On the status of Coaches Olivadotti and Wilson and if they'll remain on staff...
"If they want to and as of right now I think they want to. If Coach Olivadotti and Coach Wilson want to be with us then that's the plan for them to be with us."

On whether or not he keeps a list of people he'd like to hire if the opportunity arises...
"You try to have a rough idea of what you might do at any position, but I can't say I have a list of names tucked away at every position. You kind of watch and pay attention because it is possible that coaches go, and they go for a lot of reasons so you want to have a rough idea. One thing I've learned being here for 13 years is that if a job opens up at Georgia, we are so blessed that it's going to be a massive amount of people who want to be at Georgia. I don't want to be real rigid and sit there and say `This is going to be the guy I go after,' when you know that it becomes common knowledge like it did so quickly. I knew there were going to be some people whose names were going to cross my desk that I might not even have had on a list. I wanted to be open-minded when they happened but still have some guys that you keep an eye on throughout the year."

On if he kept up with Coach Pruitt at Florida State at all this year...
"I knew that the last three years he coached high school football as a defensive coordinator they won three state championships back-to-back, didn't you coach?"

"Two - we were beaten in the last one."

"So they lost in the last one but played in three and won two and then of course he spent time at the University of Alabama as the defensive backfield coach and they do a tremendous job. How he coached and went about his business there...and then obviously to go to Florida State and have them play as well as they did and win a National Championship, it was kind of a no-brainer on the resume part. One thing I like to do before I hire guys is to find out what he's about and the only way you can do that is to hopefully know someone who knows them. Obviously he knows Will Friend, he knows Mike Bobo, he knows Bryan McClendon, and so you want to talk to people who really know him. I know he can coach ball - that's obvious - but tell me what kind of person he is. Is he going to do it the way we want to do it around here? Is he going to take care of these players the way they should be taken care of by disciplining them in love and taking care of business and knowing that academics is crucially important and knowing that we want them to grow up to be a better man? He just has to be himself to get that done, I'm 100 percent convinced of that. That makes me more excited than anything when I talk about doing things the Georgia way. He just has to be himself, and it's going to come natural."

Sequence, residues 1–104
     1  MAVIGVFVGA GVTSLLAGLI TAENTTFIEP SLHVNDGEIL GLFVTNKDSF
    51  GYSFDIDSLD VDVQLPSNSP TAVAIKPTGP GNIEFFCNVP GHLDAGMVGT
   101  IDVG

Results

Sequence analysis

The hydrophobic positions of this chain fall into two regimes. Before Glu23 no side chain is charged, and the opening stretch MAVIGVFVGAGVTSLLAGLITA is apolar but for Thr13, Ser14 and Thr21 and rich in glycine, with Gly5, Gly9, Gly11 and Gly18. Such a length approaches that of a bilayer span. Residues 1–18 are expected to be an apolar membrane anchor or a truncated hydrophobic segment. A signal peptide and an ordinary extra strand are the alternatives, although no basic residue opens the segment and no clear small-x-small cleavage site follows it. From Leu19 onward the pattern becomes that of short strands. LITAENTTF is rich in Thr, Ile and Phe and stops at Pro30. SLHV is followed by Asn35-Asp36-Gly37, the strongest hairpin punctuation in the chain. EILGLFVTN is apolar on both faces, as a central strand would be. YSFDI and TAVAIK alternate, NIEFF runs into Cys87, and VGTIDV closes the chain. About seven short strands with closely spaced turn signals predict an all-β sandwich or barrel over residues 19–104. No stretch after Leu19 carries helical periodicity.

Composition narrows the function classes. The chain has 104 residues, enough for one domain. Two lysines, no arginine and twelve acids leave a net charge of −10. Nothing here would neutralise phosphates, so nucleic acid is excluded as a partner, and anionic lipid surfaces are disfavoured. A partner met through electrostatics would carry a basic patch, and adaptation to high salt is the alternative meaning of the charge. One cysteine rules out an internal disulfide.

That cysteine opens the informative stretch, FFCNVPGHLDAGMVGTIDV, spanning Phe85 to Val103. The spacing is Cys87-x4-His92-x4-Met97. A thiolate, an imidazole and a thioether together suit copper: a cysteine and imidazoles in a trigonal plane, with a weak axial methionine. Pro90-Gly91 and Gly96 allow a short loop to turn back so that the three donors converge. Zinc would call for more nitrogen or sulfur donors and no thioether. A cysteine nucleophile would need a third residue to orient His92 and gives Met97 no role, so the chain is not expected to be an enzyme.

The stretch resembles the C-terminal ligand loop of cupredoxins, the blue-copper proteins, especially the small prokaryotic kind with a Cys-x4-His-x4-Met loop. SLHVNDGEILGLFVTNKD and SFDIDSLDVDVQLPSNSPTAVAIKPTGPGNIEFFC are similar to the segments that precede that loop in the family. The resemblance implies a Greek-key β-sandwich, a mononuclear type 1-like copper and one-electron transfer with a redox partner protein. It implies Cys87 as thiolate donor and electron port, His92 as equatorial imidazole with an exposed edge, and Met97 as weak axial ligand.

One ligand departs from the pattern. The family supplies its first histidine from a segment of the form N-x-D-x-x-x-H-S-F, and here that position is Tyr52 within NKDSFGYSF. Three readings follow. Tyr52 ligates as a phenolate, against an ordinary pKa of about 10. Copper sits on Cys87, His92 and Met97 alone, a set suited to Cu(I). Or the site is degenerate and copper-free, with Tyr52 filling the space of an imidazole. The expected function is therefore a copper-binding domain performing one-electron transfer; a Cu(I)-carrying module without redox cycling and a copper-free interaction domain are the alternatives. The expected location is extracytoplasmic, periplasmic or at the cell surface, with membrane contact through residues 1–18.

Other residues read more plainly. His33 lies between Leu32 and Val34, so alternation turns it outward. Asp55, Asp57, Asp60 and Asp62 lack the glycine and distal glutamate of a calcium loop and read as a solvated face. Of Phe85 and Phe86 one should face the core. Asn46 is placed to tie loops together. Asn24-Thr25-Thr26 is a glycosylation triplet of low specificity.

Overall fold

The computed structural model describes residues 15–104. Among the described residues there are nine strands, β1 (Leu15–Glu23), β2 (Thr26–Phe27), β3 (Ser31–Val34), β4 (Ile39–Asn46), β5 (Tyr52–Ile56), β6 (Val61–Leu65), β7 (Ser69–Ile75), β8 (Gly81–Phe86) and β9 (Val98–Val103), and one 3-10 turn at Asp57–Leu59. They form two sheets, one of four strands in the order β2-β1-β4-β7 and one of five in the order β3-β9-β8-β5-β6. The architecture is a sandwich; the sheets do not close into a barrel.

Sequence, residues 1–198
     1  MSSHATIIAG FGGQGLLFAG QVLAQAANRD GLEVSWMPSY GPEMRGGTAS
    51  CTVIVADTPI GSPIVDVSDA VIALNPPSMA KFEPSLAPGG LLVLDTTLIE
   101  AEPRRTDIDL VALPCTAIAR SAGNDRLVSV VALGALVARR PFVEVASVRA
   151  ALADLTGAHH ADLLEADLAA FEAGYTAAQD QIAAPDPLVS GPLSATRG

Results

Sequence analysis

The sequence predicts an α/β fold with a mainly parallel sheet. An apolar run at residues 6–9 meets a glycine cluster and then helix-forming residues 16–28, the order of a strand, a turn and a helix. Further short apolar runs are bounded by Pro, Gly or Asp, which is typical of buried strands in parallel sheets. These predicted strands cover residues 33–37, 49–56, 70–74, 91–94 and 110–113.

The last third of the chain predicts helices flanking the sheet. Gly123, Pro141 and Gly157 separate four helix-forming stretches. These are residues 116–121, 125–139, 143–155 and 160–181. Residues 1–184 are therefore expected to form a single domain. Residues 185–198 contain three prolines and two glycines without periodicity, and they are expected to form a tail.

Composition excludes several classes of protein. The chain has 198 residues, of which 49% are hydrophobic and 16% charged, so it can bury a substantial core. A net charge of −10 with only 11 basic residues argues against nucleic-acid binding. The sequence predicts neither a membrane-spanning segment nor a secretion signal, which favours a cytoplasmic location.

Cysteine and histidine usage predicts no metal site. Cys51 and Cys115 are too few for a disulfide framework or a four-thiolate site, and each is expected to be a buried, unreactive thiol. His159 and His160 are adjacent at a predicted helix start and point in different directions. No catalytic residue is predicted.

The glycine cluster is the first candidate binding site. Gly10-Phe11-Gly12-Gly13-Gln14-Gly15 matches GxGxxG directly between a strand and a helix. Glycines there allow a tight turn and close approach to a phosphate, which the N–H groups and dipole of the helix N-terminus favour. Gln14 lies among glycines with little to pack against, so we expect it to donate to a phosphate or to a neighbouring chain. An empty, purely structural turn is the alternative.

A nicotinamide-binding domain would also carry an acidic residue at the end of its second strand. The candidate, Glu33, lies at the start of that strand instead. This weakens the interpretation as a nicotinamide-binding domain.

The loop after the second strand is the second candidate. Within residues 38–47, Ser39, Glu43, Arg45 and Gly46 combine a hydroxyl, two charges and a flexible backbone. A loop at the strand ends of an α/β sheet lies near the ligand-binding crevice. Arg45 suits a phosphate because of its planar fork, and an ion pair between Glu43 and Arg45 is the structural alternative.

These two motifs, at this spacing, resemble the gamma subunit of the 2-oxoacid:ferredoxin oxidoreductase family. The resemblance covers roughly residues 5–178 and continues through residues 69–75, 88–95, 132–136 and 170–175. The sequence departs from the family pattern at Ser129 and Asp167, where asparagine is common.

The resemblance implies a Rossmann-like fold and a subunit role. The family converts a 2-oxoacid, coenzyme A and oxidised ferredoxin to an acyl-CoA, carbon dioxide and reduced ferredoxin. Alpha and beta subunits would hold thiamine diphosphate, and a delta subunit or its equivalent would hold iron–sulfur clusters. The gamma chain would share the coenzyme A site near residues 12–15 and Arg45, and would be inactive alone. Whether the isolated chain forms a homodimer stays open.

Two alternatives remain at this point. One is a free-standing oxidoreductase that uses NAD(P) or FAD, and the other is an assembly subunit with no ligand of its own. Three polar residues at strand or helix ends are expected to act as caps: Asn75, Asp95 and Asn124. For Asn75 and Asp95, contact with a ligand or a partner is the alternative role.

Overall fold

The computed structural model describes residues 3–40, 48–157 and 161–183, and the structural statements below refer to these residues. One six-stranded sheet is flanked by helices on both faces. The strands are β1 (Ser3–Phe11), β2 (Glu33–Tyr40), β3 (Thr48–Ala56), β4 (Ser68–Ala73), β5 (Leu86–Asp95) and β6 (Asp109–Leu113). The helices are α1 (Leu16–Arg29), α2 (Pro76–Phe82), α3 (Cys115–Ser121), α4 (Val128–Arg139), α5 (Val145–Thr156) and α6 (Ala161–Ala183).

On how the he thinks the transition will go...
"I think there are similarities between what Coach has done and what we do. There will be some terminology issues, but he's going to decide if we do a little bit of how our guys know it or if we do it his way. One thing that he did say to the guys that I will make mention of: the first thing the guys said is, `What are we going to do scheme wise?' And he said that we'd be multiple to be able to play whomever we play and that whatever group shows up, we've got to do that. He also said that we're going to be simple enough to where guys can go and play some football, and he said if we can't execute it we're not going to call it. I think that gave those guys some peace that it won't be rocket science and they'll all be able to learn it well enough to play fast enough to prove what they can do."

On filling out the rest of the staff...
"Right now we're still discussing all of that, but the natural thing would be to get an outside linebackers coach. There's only one more spot on the defensive staff at the moment."